7. TVIP Adds Interactivity: Microsoft and others are currently exploring TV over Internet protocol. But don’t expect TV on the Net to look and act like the TV you see on your television screen. After all, we already have television, so who needs the redundancy? TVIP will take a different twist. While Madison Avenue types will say, “At last, we can now feed TV commercials over the Net!”, consumers will not want to see those ads on their computer screens. They already TIVO over on them on their TV screens, right? TVIP will be much more interactive. In addition to an 800 number, with TVIP you’ll be able to click and buy right then and there. One form might be a video catalog wherein you click on the product or infomercial of interest. To really make this happen, compression schemes will need to get better in order to prevent buffering at the consumer end.
8. Commercial Content, On Demand: Messages from marketers need to be so appealing that the audience actually requests the message. This evolutionary process is already underway as “push marketing” is giving way to “pull marketing”. The costs of paper, postage, TV and print production are getting too expensive and are not performing as well as they used to. Commercial content that the end user wants isn’t far-fetched. Look at Lucky magazine or niche catalogs such as Outdoor Adventure Sports. B2B marketers have been using high-value ads for years. The advertisers in Web Digest For Marketers generate sales leads by offering high-value PDF downloads on subjects of particular interest to the target audience they’re trying to reach. The how-to workshops at Home Depot are a prime example on the B2C side. It doesn’t take a seer to see that the days of “hot air advertising” are so over.
9. Publishing Faces Tectonic Shifts: Research is already showing that many people in their 20s are not picking up the newspaper habit the way their parents did. Add to this demographic shift the cost of newsprint, postage (for magazines) and handling, and it’s likely to cause tectonic shifts in the publishing industry. Many people already read newspapers and magazines online. My bet is that special issues will appear in print, and that many publishers will ultimately have to figure out how to make a go of it with fr** content online (i.e., advertiser-supported), perhaps by asking their readers for demographic information that enables the publisher to sell targeted advertisements at a premium, as you’ll frequently find with trade publications. At the same time, in select industries people will pay for online subscriptions that deliver real value. This is already apparent (the Wall Street Journal has 700,000 paid subscribers), but it’s not for every content provider out there. For a look at the next level, check out www.cnbcdowjones.com, where you can get just the editorial clips of CNBC, sans commercials, for $99(US) a year. You get 250 plays per month. I subscribe, and find it to be a great time saver.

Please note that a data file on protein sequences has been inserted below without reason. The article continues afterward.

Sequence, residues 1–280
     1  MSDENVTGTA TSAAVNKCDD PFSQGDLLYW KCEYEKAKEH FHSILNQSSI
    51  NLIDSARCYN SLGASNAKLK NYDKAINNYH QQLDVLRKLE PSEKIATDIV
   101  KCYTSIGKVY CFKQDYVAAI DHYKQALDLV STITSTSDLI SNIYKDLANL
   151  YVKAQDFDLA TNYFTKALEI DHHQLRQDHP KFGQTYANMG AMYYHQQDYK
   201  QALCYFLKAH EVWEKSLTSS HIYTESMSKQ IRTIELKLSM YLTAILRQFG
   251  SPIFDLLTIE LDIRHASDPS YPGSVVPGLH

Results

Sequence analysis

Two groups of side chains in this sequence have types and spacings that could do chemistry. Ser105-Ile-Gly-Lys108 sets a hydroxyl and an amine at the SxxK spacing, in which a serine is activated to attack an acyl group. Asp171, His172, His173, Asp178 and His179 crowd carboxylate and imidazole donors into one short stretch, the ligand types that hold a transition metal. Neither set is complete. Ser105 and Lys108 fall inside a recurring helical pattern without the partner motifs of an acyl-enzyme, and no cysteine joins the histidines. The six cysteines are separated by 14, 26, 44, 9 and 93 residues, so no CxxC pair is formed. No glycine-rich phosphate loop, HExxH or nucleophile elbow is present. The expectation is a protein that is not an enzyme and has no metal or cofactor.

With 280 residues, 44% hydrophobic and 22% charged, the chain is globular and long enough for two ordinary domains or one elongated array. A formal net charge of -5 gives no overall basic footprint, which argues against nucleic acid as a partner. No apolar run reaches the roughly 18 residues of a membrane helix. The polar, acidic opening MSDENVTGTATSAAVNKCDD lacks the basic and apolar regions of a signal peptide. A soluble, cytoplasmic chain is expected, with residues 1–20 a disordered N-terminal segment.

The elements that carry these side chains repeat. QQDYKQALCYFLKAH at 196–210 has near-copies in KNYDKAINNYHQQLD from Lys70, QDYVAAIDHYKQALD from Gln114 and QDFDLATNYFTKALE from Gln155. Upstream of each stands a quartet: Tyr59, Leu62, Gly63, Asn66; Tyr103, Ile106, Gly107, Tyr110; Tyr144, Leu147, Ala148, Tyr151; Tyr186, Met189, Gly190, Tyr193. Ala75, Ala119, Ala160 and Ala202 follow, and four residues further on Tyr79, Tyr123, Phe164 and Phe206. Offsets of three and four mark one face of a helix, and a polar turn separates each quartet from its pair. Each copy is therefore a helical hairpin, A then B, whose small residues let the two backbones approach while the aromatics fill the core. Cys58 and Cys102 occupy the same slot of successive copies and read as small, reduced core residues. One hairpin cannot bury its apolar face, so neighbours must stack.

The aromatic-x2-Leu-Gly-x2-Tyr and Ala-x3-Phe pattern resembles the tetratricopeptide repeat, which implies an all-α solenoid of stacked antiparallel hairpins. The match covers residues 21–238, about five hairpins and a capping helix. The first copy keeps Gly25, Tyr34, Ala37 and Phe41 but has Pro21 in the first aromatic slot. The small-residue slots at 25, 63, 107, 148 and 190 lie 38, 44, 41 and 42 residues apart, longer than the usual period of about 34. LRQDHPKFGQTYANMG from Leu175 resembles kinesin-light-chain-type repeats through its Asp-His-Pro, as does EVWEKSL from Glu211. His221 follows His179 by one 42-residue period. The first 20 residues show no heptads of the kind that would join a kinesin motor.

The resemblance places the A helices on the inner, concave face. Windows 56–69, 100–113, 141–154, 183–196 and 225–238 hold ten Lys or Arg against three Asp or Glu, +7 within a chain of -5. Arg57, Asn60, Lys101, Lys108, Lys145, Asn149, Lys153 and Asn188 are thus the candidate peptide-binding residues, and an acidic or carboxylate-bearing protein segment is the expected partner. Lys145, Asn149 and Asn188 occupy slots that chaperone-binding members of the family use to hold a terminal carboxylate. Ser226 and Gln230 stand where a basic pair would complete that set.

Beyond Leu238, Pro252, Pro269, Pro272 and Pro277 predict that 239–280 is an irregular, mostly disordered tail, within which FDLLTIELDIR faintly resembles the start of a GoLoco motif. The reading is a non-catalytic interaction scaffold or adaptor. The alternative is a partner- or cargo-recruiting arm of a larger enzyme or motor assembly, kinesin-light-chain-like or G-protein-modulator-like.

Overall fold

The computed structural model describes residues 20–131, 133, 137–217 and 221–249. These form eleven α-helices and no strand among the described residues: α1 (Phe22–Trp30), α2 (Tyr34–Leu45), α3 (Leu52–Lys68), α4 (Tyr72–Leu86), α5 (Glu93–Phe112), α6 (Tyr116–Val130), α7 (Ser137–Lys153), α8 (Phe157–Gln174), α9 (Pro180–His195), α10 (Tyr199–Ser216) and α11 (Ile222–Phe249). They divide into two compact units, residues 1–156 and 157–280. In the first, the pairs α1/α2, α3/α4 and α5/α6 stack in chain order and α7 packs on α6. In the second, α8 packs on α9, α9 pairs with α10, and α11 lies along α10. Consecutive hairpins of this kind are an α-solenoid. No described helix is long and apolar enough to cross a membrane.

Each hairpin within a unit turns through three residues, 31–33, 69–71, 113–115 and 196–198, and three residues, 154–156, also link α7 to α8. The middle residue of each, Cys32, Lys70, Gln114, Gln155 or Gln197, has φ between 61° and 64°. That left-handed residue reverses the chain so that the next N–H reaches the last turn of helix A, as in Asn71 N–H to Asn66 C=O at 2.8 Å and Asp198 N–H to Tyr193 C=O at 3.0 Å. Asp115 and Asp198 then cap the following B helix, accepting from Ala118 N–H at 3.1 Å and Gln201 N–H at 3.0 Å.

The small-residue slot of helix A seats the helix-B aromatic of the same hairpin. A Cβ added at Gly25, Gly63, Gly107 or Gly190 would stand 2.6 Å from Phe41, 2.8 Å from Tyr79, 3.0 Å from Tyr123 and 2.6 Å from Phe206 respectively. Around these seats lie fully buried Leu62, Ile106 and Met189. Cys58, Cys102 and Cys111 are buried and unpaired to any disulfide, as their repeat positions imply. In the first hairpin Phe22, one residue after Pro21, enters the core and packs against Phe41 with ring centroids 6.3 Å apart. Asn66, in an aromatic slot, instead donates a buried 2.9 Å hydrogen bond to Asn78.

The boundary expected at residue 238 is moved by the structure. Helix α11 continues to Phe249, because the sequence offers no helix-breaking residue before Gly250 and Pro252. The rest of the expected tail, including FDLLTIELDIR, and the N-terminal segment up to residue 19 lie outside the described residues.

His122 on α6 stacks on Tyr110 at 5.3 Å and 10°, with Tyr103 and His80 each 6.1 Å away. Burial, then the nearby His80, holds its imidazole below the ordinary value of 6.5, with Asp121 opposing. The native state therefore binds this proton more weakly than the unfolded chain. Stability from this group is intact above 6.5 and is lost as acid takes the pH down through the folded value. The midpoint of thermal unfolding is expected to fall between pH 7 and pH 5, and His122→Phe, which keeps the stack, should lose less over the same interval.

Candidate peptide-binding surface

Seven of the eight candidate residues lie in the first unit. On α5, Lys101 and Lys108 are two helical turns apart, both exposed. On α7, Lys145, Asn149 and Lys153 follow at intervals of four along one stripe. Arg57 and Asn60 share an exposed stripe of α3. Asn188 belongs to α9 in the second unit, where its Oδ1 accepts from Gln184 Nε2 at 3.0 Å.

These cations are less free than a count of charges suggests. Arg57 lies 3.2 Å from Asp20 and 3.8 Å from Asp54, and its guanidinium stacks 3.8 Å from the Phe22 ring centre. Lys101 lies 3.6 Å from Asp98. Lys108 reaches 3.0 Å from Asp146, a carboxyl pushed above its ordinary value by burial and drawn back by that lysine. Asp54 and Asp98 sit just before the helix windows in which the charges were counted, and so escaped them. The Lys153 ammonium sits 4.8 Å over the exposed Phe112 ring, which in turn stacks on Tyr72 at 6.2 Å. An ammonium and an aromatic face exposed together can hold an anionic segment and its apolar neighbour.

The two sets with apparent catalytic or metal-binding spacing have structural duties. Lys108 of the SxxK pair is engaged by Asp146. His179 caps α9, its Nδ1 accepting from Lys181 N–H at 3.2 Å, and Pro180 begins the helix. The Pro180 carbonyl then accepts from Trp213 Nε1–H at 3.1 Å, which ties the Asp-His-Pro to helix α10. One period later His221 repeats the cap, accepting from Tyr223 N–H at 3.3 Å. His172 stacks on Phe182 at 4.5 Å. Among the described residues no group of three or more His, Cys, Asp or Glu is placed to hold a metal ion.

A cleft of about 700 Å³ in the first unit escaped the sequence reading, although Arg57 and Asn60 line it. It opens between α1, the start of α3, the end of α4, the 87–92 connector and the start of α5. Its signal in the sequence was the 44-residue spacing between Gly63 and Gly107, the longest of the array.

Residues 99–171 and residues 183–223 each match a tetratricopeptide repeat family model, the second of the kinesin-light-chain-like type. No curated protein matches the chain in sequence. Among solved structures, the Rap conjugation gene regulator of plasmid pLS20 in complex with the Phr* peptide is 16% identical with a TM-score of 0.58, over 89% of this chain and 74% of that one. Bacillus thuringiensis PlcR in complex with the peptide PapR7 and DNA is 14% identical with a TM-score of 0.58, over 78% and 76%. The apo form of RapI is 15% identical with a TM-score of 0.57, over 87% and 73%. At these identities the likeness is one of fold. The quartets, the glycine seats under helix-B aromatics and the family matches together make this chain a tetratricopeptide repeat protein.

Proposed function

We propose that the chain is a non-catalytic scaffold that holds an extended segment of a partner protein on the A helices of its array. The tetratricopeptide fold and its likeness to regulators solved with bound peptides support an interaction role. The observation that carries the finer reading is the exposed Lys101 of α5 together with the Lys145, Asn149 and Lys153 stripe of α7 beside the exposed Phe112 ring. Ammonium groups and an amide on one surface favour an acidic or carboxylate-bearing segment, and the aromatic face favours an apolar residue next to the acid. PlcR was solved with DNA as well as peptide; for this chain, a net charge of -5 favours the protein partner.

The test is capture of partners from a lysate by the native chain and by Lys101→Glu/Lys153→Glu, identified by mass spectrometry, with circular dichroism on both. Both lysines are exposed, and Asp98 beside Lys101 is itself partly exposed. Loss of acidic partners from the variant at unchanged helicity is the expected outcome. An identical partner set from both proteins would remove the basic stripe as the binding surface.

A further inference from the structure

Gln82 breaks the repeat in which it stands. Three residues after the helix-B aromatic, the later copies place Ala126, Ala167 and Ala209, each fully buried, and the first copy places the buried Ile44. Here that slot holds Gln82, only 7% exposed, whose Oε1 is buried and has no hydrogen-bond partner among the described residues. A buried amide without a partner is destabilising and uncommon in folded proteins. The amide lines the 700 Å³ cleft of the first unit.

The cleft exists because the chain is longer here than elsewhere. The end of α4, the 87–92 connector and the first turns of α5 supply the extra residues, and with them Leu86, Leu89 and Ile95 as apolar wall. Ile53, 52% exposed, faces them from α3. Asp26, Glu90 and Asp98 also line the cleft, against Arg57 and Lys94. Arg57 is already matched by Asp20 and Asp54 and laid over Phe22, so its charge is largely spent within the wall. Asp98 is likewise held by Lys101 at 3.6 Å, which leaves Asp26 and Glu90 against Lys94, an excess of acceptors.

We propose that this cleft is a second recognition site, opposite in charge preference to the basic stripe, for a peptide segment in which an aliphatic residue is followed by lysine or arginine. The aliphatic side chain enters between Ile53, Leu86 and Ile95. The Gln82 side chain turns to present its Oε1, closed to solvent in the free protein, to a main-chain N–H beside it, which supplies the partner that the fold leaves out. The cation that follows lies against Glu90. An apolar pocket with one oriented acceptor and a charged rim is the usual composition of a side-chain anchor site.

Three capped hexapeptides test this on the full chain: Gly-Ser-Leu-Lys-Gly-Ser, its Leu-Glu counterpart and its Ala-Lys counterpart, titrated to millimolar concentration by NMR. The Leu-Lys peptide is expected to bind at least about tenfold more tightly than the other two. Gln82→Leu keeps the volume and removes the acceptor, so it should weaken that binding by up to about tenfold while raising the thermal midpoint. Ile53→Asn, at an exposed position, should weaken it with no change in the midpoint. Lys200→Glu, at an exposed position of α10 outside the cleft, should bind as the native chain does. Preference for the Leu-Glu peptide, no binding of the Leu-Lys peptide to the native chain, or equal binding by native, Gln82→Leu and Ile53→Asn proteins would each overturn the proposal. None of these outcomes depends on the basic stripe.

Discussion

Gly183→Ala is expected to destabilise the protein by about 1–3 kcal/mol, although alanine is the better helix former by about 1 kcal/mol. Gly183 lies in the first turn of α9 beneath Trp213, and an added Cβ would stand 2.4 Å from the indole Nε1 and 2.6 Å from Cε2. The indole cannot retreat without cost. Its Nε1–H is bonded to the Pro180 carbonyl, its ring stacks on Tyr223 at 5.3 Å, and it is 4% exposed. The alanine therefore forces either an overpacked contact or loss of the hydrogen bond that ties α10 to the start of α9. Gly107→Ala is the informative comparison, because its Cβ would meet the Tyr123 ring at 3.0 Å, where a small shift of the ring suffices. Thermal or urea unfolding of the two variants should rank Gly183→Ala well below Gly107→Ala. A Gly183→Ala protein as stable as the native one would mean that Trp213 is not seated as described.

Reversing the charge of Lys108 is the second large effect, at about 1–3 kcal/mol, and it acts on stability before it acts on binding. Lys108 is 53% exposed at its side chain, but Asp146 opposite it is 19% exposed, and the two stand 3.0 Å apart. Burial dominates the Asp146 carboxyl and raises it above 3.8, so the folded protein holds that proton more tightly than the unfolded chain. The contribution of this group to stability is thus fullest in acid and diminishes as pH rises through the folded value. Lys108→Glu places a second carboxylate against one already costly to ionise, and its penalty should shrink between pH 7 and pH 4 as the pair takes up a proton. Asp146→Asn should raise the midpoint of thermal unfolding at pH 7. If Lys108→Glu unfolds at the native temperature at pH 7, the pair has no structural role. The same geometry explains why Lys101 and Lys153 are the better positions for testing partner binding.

10. Direct Marketers Will Take Over the Internet: Oops, this has already happened, but not the way I predicted 10 years ago. There are two types of direct marketers on the Net. Those who started out as online marketers have come across the language and practices of DM without realizing it. They talk of response rates by way of clickthroughs, cost per lead, cost per sale, and so on. This group would do well to study the DM masters who have written extensively on the subject over the past 80 years. Then there are the traditional direct marketers, some of whom get it, and some of whom are still riveted on the shriveling response rates of print mailings and catalogs and on ever-increasing postage costs. The irony here is that traditional direct marketing folks are the ones who understand human nature best. Because of their extensive experience, they can smell what will work and what won’t. It’s baked into their genes now. This group would do well to look at the Net as the incredible opportunity it is, rather than focusing on what was. What was is not coming back. The good news for traditional DM’ers is that the Internet has not repealed the laws of human nature. So while the tools of DM are changing, the underlying principles that have driven DM since the time of Ben Franklin are still exactly the same.